What the Heck is THAT?

Korando-1So we’re heading home on the highway between Grafton and Ballina … the music’s playing … the camera is tucked away in the glove box and I’m looking forward to becoming the passenger when we reach Woodburn … everything is mellow … Toyotas abound and from a car nut’s point of view things are just a little boring.

Then we hit a passing lane and from about two cars back comes this strange black 4WD … she who must be obeyed has the camera out of the glove box as it zips by. She’s taking photos and I’m trying to work out who the heck makes a Korando.

That was our meeting with one of just 250 SsangYong Korando 4WDs that were imported into Australia between 1998 and 2005. The Korando is powered by a Mercedes petrol or diesel engine built under licence in Korea and the ‘3200’ on the rear of this vehicle indicates a 3.2 litre petrol engine.

Early Korandos (built prior to 1998) could be confused with a Jeep but by the time they arrived here in Australia the Korando looked like nothing else on earth. Unfortunately we didn’t get a photo of the front but if you search Google for Korando you’ll fine them and they’re definitely ugly … eye-catching but oh so butt-ugly.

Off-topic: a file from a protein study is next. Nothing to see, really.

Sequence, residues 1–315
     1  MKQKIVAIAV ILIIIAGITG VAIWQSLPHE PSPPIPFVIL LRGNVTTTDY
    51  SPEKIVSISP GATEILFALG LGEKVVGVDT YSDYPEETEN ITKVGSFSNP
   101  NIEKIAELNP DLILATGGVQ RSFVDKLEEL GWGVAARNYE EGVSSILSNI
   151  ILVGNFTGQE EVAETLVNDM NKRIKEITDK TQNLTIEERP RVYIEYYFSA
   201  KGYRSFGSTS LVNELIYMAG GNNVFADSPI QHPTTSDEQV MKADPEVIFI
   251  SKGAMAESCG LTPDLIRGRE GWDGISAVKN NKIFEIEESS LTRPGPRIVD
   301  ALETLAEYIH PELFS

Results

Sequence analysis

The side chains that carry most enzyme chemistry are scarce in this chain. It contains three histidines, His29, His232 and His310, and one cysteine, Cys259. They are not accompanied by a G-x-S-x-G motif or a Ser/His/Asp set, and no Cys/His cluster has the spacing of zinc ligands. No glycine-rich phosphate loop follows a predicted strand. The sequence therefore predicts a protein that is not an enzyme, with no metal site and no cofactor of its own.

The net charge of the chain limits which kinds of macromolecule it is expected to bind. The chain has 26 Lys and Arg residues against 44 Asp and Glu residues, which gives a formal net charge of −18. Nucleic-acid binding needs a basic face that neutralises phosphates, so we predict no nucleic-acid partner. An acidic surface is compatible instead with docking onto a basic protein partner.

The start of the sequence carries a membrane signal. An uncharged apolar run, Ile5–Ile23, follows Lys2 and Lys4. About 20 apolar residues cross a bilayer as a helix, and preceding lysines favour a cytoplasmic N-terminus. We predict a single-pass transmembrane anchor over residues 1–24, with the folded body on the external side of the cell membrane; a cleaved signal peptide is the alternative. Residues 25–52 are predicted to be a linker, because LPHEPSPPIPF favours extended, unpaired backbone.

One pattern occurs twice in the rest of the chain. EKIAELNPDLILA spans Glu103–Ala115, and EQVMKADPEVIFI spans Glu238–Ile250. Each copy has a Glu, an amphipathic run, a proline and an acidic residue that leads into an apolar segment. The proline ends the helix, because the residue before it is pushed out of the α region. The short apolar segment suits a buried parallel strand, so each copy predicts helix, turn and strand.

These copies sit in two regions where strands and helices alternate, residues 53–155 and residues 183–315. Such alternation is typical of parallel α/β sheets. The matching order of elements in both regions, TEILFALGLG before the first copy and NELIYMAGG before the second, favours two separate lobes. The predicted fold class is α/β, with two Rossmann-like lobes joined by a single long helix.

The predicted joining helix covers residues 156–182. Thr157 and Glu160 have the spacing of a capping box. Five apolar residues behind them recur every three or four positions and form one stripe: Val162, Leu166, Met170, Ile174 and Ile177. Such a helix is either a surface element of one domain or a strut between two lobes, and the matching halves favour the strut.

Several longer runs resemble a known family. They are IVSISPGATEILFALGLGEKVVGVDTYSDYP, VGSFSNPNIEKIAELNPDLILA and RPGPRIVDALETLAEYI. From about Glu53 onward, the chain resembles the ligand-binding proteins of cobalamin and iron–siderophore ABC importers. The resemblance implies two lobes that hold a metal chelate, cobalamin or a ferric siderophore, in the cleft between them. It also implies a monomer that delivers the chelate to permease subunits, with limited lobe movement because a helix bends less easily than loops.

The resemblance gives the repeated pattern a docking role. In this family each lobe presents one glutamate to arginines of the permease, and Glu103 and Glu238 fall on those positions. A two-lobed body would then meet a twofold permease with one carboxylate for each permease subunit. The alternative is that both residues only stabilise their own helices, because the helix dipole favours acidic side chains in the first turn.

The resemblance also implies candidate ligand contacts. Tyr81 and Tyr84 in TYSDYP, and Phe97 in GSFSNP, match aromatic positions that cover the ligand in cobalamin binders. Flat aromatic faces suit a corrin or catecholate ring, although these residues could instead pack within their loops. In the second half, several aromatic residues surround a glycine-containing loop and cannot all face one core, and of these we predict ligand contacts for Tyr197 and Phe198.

Because so few were imported into Australia the lack of readily available spare parts seems to be the biggest complaint among owners and there are stories online of owners having their Korando off the road for six to eight weeks waiting for parts.

SsangYong Korando 3200

It seems that the Korando uses an unusual cable gear shift and that seems to be the major weak-spot in the Korando’s design. At least one Korando driver always travels with a spare just in case.

Resale value is not much and currently there’s a 2004 2.9 litre diesel, 4-speed auto Korando with only 116,671km on the clock for sale in NSW for only $12,999 and the ad quotes fuel consumption figures of 8.3L/100km for highway driving.

What the Heck is THAT?
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